I love fairs and farm shows. The first farm show I ever attended was the Illinois State Fair in Springfield, Ill., way back in the mid-'60s. Back then, farm equipment manufacturers displayed their newest equipment at state and county fairs. That day has largely passed. It was before the large farm shows of today were prominent, and before our society became so mobile. I always enjoyed seeing all the equipment and hearing salesmen from the factories promoting their products. It was a scenario we don't always emulate.

I remember one "block man," as they were called then, promoting the features of a certain model with great passion. He was prepared to tout his products' features, as well as handle opposing opinions from competing brands, and took time to discuss those with my dad.

That is my point. When you exhibit at a local show or larger regional shows, do you take time to sell? Sometimes, we get so caught up in setting up our booth, we forget the main objective is to sell, or at least cultivate prospects. As a friend of mine says, "It's hard to remember your main objective is to drain the swamp when you're up to your rear in alligators."

Many times we are so distracted by getting ready to sell, that we forget to actually start selling. I, like you, have worked so hard to set up a display, and admire my work when it's done, that I am too exhausted to actually start interacting with prospects. However, to be effective at building relationships that lead to selling, one has to stop focusing on the display and start being a helpful representative.

I admire good salespeople. A personal favorite are the cookware salespeople at fairs. Stop by and watch them sometime. They're enthusiastic, focused and really work at it. Learn from them. Establish a friendship with your customers. Listen to understand their needs, and then go over the features that mean something to them.

"Sometimes, we get so caught up in setting up our booth, we forget the main objective is to sell ..."

I always try to greet people with a disarming question, such as "Where are you folks from?" You can sometimes find out you know people in common and then you can start to establish a bond. Are they just there for the excitement of the show, or some other non-business reason? Or are they researching products for an upcoming purchase? The latter is usually a very small group; however it is the group you want to get to know. You have to work through dozens of the first group to get to any real prospects. However, it doesn't take many prospects who will eventually buy, to make a show successful. The key is to not get discouraged working your way through the countless "tire-kicking" non-prospects, the retirees, people looking to be entertained, the "arguers," or those who just want to put down your products.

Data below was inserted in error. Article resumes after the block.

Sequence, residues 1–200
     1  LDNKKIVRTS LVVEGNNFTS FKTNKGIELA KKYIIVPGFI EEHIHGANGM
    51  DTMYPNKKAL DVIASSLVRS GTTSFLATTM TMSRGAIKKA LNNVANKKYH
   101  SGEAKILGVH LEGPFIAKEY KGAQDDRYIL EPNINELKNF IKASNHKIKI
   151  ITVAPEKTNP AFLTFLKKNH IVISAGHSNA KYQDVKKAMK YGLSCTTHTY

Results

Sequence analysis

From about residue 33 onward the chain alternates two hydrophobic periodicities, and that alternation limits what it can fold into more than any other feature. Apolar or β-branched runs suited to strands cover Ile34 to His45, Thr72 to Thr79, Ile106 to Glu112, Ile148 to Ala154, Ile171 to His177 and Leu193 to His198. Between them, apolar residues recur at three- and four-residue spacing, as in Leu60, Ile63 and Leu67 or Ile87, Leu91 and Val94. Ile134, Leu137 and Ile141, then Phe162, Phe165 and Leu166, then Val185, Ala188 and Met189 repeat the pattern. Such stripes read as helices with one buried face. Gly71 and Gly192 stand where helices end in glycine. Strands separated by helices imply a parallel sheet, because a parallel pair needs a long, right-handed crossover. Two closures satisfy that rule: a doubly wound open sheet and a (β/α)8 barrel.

I also find it important to keep standing. I know it makes for a long day. I have ended the day many times with feet hurting and simply too drained to move. But, standing shows you're interested and ready to help. Many times it's the difference between talking to a prospect or them simply cruising on through your booth without exchanging a word. I know from experience. I have sometimes seen a prospect at another booth interacting well with my competition. I then must have a talk with myself that I was just outsold by another salesperson willing to reach out and work, while I was sitting on my "laurels."

Make no mistake: Selling is hard work, as you all well know. It is mental work that can be shortchanged if you're physically spent. So, we must try not to get physically exhausted before we start selling or we won't give 100%.

I know that's tough when you must haul the equipment, set it up, clean it, and put out sales aids. Find some way to ease the physical stress, so you can be mentally sharp to sell. Try setting up a day early, ask your friends to help, or just hire someone to do it. It will be money well spent.

Good luck out there and keep your focus on the selling part of your title of "salesperson."

Rodney Miller is the host of RFD-TV's "Small Town Big Deal" which celebrates the great stories from America's Heartland. He has been involved in agriculture his entire life from working on the family farm and equipment dealership in Benton, Ill., to being CEO of McCormick International USA and Montana Tractors. He was also a territory manager for both Long and Mahindra USA tractor companies, managing dealers in several states. Since 2010, he's served as the assistant to the dean and director of advancement and external affairs for the College of Agriculture and Environmental Sciences at the Univ. of Georgia. He remains an avid collector of antique tractors and equipment.